Value creation tutorial: What private equity has to teach public companies

Vinay Couto, Ashok Divakaran, Harry Hawkes, Dr. Deniz Caglar
August 23, 2011

Executive summary

Companies are in business to create value for their stakeholders, and that pursuit occupies countless hours in boardrooms and executive suites around the world. Certain companies are singularly adept at adapting their business to create and sustain value over time, but most are not. It’s here that the example of top-tier private equity (PE) firms can be illuminating and useful.

The best of these firms are able to create economic value over and over again, and they do so not only through a tight regimen of cost reduction but also by creating real and sustainable operating and productivity improvements at their portfolio companies.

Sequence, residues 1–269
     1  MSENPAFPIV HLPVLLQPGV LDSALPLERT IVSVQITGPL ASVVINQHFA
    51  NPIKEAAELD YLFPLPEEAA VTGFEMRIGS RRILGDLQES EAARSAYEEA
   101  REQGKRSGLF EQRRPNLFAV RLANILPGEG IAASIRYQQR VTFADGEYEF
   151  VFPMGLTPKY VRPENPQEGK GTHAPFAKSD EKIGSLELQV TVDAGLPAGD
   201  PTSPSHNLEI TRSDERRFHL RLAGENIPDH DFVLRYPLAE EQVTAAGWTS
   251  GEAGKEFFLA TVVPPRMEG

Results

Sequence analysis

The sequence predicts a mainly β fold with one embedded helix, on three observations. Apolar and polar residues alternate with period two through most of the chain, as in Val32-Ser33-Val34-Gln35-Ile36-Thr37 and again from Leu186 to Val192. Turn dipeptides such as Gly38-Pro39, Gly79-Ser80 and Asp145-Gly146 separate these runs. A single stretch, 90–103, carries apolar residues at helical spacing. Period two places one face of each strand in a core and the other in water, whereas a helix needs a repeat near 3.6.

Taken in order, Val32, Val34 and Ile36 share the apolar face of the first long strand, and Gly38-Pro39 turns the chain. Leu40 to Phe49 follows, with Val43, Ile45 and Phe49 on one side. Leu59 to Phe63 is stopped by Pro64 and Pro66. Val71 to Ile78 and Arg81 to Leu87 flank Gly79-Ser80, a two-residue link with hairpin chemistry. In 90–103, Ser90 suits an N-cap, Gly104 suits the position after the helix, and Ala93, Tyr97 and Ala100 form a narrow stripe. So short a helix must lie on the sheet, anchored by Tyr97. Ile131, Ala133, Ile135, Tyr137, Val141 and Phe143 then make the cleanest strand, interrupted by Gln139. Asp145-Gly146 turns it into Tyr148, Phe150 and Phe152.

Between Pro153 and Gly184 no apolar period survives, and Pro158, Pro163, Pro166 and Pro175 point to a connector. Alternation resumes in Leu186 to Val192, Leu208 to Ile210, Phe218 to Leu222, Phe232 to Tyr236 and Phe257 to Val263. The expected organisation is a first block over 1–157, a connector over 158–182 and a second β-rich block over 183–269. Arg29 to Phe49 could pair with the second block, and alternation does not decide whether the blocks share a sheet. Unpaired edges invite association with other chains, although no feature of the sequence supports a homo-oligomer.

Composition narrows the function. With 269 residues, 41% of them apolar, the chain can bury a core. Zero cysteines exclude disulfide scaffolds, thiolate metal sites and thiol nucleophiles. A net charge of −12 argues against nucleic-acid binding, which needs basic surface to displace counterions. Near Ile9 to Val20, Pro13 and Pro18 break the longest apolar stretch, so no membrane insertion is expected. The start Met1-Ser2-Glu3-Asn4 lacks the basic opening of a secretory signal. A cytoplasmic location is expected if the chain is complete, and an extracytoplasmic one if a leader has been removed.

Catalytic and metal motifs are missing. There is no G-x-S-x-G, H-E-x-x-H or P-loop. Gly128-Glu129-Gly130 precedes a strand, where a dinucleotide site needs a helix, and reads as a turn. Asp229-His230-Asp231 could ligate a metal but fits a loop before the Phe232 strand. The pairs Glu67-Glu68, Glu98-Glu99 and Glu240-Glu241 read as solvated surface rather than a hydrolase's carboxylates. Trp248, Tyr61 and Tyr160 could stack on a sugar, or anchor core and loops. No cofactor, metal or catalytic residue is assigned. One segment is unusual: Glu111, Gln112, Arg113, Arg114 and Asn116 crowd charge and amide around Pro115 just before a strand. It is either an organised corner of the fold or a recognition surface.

It’s true that private equity firms enjoy a number of natural advantages over public companies when it comes to building efficient, high-growth businesses, including a built-in burning platform for change (that is, an exit within 10 years), tightly aligned ownership and compensation models, and fewer institutional loyalties and competing distractions. Still, there are many private equity lessons that do apply or can be adapted to help public companies develop the same sort of focused, time-sensitive, and action-oriented mind-set. We explore seven in this report.


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